Find the Right Words (Upstairs at the Western, Leicester, 15 Nov 2017)

reviewed by Sally Jack

A review of one of Leicester’s regular spoken word events, Find the Right Words (FTRW), is long overdue*, having appeared on the Sabotage Awards long lists for best regular spoken word show in both 2016 and 2017. Created and compered by performance poet and playwright Jess Green, FTRW – on the 3rd Wednesday of the month – has been going for five years now, four of them based at pub theatre Upstairs at the Western.

Jess secures some of the country’s top spoken word performers, and uniquely, offers a free, hour long workshop before ‘curtain up’ run by one of the two featured artists. With a roll call of past performers including Buddy Wakefield, Hollie McNish, Jemima Foxtrot, Inua Ellams, Paula Varjack and Elvis McGonagall, these workshops are a gift from the word gods.

After the free workshop, FTRW follows this format: ten open mic slots, two headline guest poets, and a coveted speed poet slot (not forgetting a raffle).  With support from Apples and Snakes, FTRW keeps going through ticket sales  – a price of £8/£6 concession is pretty fair for a good couple of hours of quality spoken word.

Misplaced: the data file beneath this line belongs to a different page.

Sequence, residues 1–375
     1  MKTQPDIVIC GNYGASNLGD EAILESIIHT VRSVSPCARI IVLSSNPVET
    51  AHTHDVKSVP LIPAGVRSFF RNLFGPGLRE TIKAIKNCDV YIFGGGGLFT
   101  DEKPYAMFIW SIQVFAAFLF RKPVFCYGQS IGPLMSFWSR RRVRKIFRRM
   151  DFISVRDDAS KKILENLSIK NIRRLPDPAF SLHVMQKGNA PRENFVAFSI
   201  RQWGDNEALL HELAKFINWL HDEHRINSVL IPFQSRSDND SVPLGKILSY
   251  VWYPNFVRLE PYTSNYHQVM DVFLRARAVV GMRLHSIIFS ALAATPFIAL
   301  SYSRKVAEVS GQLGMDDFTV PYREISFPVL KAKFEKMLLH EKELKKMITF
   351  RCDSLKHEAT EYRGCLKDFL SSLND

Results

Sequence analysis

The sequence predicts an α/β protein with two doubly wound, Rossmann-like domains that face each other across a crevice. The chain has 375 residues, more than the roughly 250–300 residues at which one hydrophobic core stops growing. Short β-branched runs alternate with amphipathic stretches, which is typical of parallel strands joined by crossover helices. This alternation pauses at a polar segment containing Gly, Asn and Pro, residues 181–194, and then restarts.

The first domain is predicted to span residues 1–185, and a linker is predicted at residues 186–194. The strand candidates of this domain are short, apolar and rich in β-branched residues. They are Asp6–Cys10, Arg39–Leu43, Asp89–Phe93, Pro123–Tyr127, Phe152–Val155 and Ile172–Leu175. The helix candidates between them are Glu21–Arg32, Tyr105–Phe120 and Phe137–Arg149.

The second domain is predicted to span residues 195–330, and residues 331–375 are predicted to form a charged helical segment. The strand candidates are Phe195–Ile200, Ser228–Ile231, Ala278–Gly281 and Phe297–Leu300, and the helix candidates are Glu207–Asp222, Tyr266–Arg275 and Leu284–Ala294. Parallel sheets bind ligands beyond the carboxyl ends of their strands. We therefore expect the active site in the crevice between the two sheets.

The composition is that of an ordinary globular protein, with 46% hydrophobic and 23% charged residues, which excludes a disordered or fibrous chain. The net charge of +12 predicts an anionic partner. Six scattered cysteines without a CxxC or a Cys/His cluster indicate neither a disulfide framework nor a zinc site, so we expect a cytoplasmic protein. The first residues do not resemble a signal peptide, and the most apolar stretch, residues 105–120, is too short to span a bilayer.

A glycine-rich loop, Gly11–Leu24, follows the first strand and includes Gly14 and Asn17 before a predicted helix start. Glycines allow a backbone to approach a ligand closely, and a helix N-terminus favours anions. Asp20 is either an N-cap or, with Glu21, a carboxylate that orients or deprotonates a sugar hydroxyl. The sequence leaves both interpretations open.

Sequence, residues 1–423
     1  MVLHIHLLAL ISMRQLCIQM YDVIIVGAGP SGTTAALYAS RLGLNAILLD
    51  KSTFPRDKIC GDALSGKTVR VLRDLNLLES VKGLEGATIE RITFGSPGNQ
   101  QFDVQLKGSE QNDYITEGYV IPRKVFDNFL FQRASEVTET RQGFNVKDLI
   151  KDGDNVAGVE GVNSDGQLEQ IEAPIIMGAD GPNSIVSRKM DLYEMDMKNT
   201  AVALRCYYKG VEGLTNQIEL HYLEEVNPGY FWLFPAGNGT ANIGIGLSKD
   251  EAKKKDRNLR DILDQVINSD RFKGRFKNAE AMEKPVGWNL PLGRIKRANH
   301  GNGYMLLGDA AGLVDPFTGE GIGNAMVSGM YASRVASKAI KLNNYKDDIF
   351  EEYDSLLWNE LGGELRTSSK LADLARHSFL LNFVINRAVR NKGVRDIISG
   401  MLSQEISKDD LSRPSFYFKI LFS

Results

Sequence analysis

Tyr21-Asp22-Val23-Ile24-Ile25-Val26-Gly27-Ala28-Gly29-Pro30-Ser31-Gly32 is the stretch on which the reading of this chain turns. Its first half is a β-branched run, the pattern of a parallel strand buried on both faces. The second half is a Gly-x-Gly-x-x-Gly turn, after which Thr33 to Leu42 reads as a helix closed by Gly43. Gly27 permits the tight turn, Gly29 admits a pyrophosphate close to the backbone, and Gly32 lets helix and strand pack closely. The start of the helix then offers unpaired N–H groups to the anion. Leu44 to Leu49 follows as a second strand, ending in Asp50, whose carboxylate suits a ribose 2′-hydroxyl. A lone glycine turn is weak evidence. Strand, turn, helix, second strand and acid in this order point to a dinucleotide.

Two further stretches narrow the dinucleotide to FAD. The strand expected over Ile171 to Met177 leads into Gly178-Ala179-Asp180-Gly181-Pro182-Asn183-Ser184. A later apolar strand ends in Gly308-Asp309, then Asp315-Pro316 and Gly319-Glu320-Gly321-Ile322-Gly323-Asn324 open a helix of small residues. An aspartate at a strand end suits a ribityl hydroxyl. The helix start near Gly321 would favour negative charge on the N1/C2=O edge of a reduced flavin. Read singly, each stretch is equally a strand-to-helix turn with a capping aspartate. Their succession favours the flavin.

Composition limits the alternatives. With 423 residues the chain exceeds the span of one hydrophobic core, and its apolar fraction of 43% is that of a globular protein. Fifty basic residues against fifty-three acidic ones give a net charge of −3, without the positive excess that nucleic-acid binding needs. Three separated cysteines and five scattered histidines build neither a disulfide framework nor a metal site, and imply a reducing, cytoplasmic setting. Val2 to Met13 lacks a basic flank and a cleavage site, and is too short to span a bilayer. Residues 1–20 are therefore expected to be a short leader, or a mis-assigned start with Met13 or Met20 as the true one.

Part one: Lego, Barbi and Jeremy Corbyn

There’s a supportive, relaxed feel to this show, and boasts a hardcore of regulars. Initial business of the night involves the audience deciding on the three topics the speed poet must feature in a poem, and tonight it was the turn of James Ward to disappear downstairs, notebook and pen in hand.

Jess performed a poem from her forthcoming Burning Eye Books collection Self-Help Guide to Being in Love with Jeremy Corbyn (due to be published July 2018); it is both plaintive and amusing, with faint echoes of Wallace Stevens’ ‘Adagia’.